Dao De Jing
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Verse Sixty Seven : The Three Treasures


From: jimclatfelter
Posted: Tue Feb 24, 2009

Verse Sixty Seven
Bradford Hatcher, 2005

Everyone in the world admits our way is great
(And) resembles no likeness
It is insofar as it is great
That it resembles no likeness
Had it a likeness
Surely after so long
It might have diminished a little
Here I have three treasures
Take and keep them safe:
The first, call compassion
The second, call economy
The third, call never presuming to act as the world€s leader
Compassion confers a capacity for courage
Economy confers a capacity for breadth
Never presuming to act as the world€s leader
confers a capacity to develop enduring talents
To right away set aside compassion
in order to be more courageous
To set aside economy in order to be more expansive
To set aside following in order to be more advanced
Is truly deadly
Now compassion used in combat means triumph
Used in defense means security
Those whom heaven would redeem
With compassion it protects them

Verse Sixty Seven
Witter Bynner, 1944

Everyone says that my way of life is the way of a simpleton.
Being largely the way of a simpleton is what makes it worth while.
If it were not the way of a simpleton
It would long ago have been worthless,
These possessions of a simpleton being the three I
choose
And cherish:
To care,
To be fair,
To be humble.
When a man cares he is unafraid
When he is fair he leaves enough for others,
When he is humble he can grow;
Whereas if, like men of today, he be bold without caring,
Self-indulgent without sharing,
Self-important without shame,
He is dead.
The invincible shield
Of caring
Is a weapon from the sky
Against being dead.

Verse Sixty Seven
Gia-Fu Feng & Jane English, 1972

Everyone under heaven says that my Tao is great and beyond compare.
Because it is great, it seems different.
If it were not different, it would have vanished long ago.
I have three treasures which I hold and keep.
The first is mercy; the second is economy;
The third is daring not to be ahead of others.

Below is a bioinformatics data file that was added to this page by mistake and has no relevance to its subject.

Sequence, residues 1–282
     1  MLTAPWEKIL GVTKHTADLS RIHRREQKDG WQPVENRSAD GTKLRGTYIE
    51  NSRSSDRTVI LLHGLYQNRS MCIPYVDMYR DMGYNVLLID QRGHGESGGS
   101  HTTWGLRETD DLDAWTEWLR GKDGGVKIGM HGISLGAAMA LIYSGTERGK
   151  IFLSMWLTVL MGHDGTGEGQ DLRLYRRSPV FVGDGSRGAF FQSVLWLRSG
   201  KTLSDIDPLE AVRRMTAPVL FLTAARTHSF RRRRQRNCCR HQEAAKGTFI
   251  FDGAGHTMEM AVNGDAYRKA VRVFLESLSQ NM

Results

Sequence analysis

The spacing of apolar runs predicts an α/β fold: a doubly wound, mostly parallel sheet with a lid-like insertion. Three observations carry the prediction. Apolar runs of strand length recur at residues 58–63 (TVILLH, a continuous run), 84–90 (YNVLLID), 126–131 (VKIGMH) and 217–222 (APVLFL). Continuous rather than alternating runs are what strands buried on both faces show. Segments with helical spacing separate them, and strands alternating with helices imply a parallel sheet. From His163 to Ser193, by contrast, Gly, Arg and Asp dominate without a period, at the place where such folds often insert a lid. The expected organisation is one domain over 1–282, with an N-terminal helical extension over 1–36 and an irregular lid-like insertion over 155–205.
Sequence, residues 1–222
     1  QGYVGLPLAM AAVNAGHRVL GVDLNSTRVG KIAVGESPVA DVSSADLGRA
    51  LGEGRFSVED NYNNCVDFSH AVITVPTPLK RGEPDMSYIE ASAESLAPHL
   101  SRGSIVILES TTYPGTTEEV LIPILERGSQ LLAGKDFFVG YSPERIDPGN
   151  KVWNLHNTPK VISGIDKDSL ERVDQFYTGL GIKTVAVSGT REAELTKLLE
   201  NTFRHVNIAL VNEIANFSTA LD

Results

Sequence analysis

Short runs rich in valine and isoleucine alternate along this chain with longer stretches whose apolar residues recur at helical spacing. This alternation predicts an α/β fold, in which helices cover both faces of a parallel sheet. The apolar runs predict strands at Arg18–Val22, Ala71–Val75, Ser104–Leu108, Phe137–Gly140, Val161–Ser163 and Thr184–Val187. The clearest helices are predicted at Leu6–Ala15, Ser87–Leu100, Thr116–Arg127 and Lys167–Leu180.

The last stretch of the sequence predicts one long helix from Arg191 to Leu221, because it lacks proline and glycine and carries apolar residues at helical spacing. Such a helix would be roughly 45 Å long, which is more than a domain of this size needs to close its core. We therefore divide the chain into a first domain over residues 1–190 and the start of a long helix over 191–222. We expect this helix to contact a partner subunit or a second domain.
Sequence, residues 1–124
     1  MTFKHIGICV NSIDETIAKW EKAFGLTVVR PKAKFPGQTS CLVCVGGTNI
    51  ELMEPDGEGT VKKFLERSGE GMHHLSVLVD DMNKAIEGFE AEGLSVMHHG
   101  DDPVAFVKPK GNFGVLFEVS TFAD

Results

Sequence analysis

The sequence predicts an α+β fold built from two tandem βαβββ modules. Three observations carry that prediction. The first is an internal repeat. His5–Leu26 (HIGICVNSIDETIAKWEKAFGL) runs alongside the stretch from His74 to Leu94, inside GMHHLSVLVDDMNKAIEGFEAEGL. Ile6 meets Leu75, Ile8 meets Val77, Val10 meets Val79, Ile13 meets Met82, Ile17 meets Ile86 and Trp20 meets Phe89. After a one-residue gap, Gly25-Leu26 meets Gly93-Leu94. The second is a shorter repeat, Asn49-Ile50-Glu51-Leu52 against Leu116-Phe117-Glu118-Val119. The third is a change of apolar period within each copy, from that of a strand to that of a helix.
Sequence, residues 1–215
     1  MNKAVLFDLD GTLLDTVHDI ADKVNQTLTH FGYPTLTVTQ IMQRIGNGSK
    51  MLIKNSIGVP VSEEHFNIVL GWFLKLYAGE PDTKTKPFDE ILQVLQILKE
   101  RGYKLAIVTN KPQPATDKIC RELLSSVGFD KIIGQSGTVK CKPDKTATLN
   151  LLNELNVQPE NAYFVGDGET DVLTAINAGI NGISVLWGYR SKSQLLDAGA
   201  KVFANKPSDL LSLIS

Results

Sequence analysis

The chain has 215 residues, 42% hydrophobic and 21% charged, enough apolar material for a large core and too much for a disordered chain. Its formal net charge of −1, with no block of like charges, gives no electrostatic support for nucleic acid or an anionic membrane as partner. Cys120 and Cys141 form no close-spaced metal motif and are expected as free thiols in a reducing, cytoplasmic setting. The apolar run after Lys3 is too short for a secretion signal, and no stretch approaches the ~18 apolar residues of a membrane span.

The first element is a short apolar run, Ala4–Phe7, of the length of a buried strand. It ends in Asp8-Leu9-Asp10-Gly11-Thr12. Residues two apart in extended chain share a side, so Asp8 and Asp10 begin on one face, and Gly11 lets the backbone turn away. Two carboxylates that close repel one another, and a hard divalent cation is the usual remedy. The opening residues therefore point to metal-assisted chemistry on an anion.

From mercy comes courage; from economy comes generosity;
From humility comes leadership.

Nowadays men shun mercy, but try to be brave;
They abandon economy, but try to be generous;
They do not believe in humility, but always try to be first.
This is certain death.

Mercy brings victory in battle and strength in defense.
It is the means by which heaven saves and guards.


From: simon
Posted: Wed Feb 25, 2009

This is a beautiful verse
and the three versions each highlight an angle.
Jim, may I trouble you for the original characters & their significance?

The
Quote:
way of a simpleton.
Being largely the way of a simpleton is what makes it worth while

is not an unfair way to describe headlessness -
and turning the attention it is clear that there is not a 'thing' where others see my head, and so:
Quote:
If it were not different, it would have vanished long ago

smacks of the capacity that contains without being contaminated (ugly choice of words!)
The 3 Treasures arise naturally with seeing and are weightless ...
Quote:
These possessions of a simpleton being the three I choose
And cherish:
To care,
To be fair,
To be humble.

The choose and cherish I find lovely; out of everything, these three do not represent a "choice" as for desire... as they do not 'belong' to a 'me', nor are they for personal profit...
just for life


From: jimclatfelter
Posted: Wed Feb 25, 2009

Hi Simon,

You can download a great pdf file that has the Chinese and a variety of possible English words for each character for the whole Tao Te Ching..

http://www.hermetica.info/

Jim


From: simon
Posted: Fri Feb 27, 2009

Thank you, Jim, an interesting site.